Nina Gregory is a senior editor for NPR's Arts Desk, where she oversees coverage of film across the network and edits and and assigns stories on television, art, design, fashion, food, and culture.
Gregory started at NPR on Christmas Eve in 2006 as an overnight editor for Morning Edition. In her time at NPR, she has covered everything from the financial crisis to elections, the Sundance Film Festival, and Comic-Con. She has worked on interviews and profiles of people including ballerina Wendy Whelan, director Ava DuVernay, Facebook COO Sheryl Sandberg, punk icon Iggy Pop, and Lucasfilm president Kathleen Kennedy, which earned a Gracie award.
Before coming to NPR, Gregory worked as a freelancer and on staff at various magazines and websites. She contributed to the Los Angeles Times, the LA Weekly, Grand Royal, Intersection, TransWorld Skateboarding, and TransWorld Stance. For years, she wrote about video games, music, and pop culture for youth-oriented publications.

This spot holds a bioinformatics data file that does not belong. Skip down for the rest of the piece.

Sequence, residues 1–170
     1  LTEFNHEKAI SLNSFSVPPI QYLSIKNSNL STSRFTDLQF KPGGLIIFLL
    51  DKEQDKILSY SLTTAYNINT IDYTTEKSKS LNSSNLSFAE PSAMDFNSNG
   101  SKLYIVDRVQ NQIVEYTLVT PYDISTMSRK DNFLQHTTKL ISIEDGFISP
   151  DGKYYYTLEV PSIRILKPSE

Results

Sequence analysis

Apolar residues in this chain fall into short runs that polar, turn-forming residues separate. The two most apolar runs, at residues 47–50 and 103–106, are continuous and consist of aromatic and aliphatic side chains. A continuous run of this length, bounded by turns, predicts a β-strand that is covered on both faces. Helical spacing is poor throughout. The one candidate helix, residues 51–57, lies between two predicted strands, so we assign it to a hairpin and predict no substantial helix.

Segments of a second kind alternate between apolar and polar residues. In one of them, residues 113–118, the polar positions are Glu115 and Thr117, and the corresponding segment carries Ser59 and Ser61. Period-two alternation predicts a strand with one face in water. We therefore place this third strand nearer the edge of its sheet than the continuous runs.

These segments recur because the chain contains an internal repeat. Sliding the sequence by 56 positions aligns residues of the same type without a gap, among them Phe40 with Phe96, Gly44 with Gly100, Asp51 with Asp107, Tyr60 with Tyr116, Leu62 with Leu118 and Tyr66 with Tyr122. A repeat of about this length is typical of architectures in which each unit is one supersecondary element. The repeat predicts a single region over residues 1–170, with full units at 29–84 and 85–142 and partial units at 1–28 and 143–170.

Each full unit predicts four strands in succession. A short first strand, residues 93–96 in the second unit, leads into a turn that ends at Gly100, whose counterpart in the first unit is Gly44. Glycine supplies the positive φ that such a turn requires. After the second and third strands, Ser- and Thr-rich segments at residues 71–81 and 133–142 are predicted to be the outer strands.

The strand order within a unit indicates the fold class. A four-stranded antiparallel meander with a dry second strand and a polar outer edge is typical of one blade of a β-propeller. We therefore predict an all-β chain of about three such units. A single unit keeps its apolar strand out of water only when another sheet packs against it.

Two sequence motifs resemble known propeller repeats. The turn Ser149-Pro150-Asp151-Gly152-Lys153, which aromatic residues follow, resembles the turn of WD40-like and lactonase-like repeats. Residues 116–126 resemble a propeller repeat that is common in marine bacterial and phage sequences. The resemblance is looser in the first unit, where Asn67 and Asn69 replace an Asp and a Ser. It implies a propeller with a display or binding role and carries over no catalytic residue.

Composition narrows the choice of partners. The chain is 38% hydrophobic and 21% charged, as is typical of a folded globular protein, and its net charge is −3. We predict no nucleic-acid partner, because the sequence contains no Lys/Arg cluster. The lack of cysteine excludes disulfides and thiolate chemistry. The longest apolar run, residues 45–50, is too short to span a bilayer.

Gregory received a bachelor's degree from UCLA in world arts and cultures, and a master's degree from Columbia University's Graduate School of Journalism. She teaches at the Daily Bruin at UCLA, where she worked for the paper and radio station.
A lawsuit has been filed against the actor and others, alleging unsafe and unnecessary sex and nudity at an acting school that he ran. The two plaintiffs spoke with NPR.
Chris Ategeka left his native Uganda and earned an engineering degree in the U.S. He could have gone to Silicon Valley — but his personal history set him on a different path.
Correspondents, editors and producers from our newsroom share the pieces that have kept them reading, using the #NPRreads hashtag. Each weekend, we highlight some of the best stories.
Ever wondered what it feels like to get into one of the moon suits that Ebola workers wear for protection? At a TED Talk, Bill Gates gave audience members a chance to climb in and see.
Wendy Whelan, 47, will give her final performance with the New York City Ballet on Saturday. NPR spent time with the dancer as she prepared for her goodbye.